Association testing of copy number variants in schizophrenia and autism spectrum disorders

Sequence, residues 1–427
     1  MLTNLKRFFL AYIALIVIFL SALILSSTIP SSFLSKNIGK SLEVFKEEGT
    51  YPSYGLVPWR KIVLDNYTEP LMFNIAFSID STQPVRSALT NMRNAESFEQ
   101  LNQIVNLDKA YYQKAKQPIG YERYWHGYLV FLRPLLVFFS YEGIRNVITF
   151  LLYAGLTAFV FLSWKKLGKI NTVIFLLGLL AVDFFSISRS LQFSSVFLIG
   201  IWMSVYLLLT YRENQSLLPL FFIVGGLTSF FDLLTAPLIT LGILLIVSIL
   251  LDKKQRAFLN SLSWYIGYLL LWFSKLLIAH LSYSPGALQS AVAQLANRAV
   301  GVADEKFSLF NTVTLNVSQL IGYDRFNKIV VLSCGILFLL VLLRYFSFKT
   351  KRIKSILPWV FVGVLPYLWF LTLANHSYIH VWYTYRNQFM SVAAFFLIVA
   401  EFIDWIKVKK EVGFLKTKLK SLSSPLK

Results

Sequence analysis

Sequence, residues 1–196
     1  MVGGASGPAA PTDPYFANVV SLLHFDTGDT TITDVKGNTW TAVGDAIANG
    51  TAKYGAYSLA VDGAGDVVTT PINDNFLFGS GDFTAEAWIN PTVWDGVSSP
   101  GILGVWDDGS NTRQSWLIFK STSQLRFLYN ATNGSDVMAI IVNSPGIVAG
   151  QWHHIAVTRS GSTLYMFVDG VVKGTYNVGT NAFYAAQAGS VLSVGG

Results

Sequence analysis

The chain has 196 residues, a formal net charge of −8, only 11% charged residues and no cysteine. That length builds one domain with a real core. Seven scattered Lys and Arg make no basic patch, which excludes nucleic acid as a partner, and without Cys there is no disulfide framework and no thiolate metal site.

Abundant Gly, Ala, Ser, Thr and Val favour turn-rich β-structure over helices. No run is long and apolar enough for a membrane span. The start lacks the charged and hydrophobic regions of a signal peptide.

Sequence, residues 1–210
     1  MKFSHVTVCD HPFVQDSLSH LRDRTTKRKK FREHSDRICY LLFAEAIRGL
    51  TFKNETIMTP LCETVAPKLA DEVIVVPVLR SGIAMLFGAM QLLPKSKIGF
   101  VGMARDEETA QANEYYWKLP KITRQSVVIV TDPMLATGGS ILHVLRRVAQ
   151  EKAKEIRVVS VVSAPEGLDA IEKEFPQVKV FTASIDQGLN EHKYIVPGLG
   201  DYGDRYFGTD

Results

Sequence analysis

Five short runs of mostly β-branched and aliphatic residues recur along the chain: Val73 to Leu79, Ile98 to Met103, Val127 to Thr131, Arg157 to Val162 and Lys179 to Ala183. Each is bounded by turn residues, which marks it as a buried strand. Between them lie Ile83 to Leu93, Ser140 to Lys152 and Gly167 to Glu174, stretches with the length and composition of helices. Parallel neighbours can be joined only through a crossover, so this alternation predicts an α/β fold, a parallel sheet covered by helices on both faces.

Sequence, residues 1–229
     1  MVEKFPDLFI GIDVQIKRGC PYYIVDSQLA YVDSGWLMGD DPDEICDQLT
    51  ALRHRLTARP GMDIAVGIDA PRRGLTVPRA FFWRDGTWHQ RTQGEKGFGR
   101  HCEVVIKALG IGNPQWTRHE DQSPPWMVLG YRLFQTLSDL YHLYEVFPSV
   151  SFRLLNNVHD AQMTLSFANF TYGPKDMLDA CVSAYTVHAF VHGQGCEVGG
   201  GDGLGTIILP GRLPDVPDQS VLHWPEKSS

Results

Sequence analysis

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Autism spectrum disorders and schizophrenia have been associated with an overlapping set of copy number variant loci, but the nature and degree of overlap in copy number variants (deletions compared to duplications) between these two disorders remains unclear. Methods We systematically evaluated three lines of evidence: (1) the statistical bases for associations of autism spectrum disorders and schizophrenia with a set of the primary CNVs thus far investigated, from previous studies; (2) data from case series studies on the occurrence of these CNVs in autism spectrum disorders, especially among children, and (3) data on the extent to which the CNVs were associated with intellectual disability and developmental, speech, or language delays. We also conducted new analyses of existing data on these CNVs in autism by pooling data from seven case control studies. Results Four of the CNVs considered, dup 1q21.1, dup 15q11-q13, del 16p11.2, and dup 22q11.21, showed clear statistical evidence as autism risk factors, whereas eight CNVs, del 1q21.1, del 3q29, del 15q11.2, del 15q13.3, dup 16p11.2, dup 16p13.1, del 17p12, and del 22q11.21, were strongly statistically supported as risk factors for schizophrenia. Three of the CNVs, dup 1q21.1, dup 16p11.2, and dup 16p13.1, exhibited statistical support as risk factors for both autism and schizophrenia, although for each of these CNVs statistical significance was nominal for tests involving one of the two disorders. For the CNVs that were statistically associated with schizophrenia but were not statistically associated with autism, a notable number of children with the CNVs have been diagnosed with autism or ASD; children with these CNVs also demonstrate a high incidence of intellectual disability and developmental, speech, or language delays. Conclusions These findings suggest that although CNV loci notably overlap between autism and schizophrenia, the degree of strongly statistically supported overlap in specific CNVs at these loci remains limited. These analyses also suggest that relatively severe premorbidity to CNV-associated schizophrenia in children may sometimes be diagnosed as autism spectrum disorder.